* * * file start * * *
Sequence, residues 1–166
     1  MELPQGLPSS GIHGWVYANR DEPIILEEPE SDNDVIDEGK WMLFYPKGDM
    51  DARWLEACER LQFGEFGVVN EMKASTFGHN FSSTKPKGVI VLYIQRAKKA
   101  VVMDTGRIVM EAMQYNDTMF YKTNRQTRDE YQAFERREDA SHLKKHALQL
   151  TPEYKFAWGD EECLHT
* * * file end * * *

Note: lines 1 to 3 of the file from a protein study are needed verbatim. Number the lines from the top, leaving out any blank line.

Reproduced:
Sequence, residues 1–166
     1  MELPQGLPSS GIHGWVYANR DEPIILEEPE SDNDVIDEGK WMLFYPKGDM
    51  DARWLEACER LQFGEFGVVN EMKASTFGHN FSSTKPKGVI VLYIQRAKKA